In case it's escaped someone here ~ MAD magazine has announced its , essentially, discontinuation after 67 years :'( . To be absolutely precise, briefly, the magazine will switch over entirely to reprints inside and greatly curtail its distribution ~ Comicbook.com has the full story ~ This is almost certainly a by-stages pulling of the plug ~ Though DC is claiming now that new annuals will continue. Anyway, seems to me like a would-be corporate " keep the trademark alive " strategem.
An era has ended :-X !!!!!!!!!!!
Reprints of classic MAD material means an improvement in quality, so from my POV, that's good news. Any reprint I haven't yet read is "new" to me. I haven't been buying the new issues of MAD because it ceased to be funny some time ago, but with this news, I'll have to start checking out each forthcoming issue. So it's no longer going to be culturally topical... what, me worry? Reprints of good material are GOOD. Without them, there would barely be any Archie Comics that I'm reading. Not being current culturally hasn't hurt the Archie reprints, and the old MAD paperback series were all-reprint, and those went on for a long, long, time. So now they'll just be in the regular magazine format -- big deal. If kids can't relate to those older reprints, then it is what it is -- it'll just be older fans of the classic MAD buying it. What, me worry?
...Well, yeah - but do you think they'll reprint spoofs of Eisenhower's foreign policy, or low-priced Life magazine subscription offers?
I think it would tend to be reprints of the star cartoonists - Martin, Sergio, etc. - and vintage moivie-TV spoofs of shows that are recognized by today's younger audience/have reboots-remakes coming up - frequently if not always colorized - like these newsstand market-only giant reprint issues of Mad Looks At Star Wars, Super-Heroes, etc. that they:be been issuing over the last few years.
No, they'll leave out of the magazine reprints whatever stuff isn't referencing something that the average reader would know about. Political parodies or celebrities of the past are out. Product ad-parodies are pretty nearly all out, since most of those reflected current ad campaigns or product packaging that would no longer be recognizable. Movies and well-known book or comic strip parodies can probably stay, since those things tend to have a long shelf-life, but they'll need to be somewhat selective. Old TV series... not so much, unless it's one of the few that lasted in syndication seemingly forever, and has trans-generational memorability -- they can't count on an audience of MeTV fans. We'll probably see an increase in the percentage of material by Aragones, Don Martin, and stuff like Spy vs. Spy or Dave Berg's The Lighter Side, since those were never about topical stuff. BUT they do have over 60 years worth of material to choose from, so they shouldn't have any problems filling issues for years to come, even if only 25% is still usable. That's just an average guess, since I'd assume the actual percentage of material in any given past issue that's usable would be less for a 60 year-old issue, and more for a 10 year-old issue. On the other hand, the older material is funnier, so that'll be a factor in selecting stuff, too. I would hope not to see alterations in the original text or artwork like ACP sometimes does in reprints, but I guess it's a distinct possibility we'll have to accept.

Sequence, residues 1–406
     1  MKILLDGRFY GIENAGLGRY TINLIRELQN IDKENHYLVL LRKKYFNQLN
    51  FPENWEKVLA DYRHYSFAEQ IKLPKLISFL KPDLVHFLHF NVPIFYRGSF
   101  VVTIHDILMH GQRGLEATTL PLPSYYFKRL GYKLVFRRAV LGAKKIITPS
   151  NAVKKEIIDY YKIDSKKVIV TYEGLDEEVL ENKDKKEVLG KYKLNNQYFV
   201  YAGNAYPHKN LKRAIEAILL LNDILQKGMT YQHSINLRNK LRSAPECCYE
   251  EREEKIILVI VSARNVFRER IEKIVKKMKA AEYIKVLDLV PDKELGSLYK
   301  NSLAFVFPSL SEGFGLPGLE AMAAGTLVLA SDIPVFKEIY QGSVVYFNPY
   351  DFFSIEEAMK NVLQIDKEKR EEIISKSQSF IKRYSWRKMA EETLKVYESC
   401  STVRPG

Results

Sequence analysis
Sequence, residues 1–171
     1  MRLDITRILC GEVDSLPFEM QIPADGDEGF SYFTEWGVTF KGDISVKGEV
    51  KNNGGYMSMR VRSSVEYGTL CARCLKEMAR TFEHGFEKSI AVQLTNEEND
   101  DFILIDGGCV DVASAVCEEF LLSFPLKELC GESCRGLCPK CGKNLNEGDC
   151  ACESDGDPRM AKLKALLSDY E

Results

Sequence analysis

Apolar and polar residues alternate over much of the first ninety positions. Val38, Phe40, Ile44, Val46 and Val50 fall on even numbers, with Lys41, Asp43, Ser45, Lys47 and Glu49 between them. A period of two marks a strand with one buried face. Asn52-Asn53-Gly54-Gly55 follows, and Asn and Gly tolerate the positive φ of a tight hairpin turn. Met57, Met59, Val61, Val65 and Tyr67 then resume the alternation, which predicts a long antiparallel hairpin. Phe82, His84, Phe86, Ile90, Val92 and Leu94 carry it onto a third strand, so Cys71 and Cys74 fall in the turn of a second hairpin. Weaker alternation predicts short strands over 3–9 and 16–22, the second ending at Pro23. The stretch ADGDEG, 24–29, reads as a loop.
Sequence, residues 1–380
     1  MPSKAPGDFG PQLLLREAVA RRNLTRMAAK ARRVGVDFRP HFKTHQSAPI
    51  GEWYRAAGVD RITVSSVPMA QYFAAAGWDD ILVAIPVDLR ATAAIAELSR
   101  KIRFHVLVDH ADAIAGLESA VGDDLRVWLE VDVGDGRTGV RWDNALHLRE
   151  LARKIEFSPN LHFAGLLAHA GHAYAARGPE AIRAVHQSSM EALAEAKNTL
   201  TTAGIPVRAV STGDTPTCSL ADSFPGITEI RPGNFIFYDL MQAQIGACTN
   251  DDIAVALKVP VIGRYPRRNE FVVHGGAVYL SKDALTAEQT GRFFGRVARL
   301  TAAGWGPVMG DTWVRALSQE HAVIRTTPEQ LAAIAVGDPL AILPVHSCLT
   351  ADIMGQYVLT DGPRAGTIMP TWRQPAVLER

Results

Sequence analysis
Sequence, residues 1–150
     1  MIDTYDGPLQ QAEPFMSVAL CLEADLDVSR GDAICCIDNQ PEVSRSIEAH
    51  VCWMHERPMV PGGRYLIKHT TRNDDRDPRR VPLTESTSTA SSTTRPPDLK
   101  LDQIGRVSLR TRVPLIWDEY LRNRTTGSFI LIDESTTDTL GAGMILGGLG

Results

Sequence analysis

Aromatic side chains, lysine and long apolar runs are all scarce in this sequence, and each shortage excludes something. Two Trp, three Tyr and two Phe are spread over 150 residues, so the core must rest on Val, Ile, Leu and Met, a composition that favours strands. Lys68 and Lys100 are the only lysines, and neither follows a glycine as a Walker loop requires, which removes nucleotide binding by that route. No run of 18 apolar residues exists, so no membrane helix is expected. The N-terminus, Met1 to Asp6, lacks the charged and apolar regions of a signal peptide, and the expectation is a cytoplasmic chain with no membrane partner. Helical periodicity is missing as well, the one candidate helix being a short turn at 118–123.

I wouldn't doubt that at some point we'll see magazine-sized hardcover collections reprinting complete issues of the magazine-format MAD from the beginning. They've already done complete reprints of the comicbook-format issues in hardcover.
...Well, some Dave Berg's were kind of topical ~ " Hippie "/long hair-era strips had jokes relating to that era and I remember an earlier-Sixties strip where a typical Berg adult asks a bunch of the teenagers what the distinction is between " going steady ", " going steadily " (which I had never heard of) and others.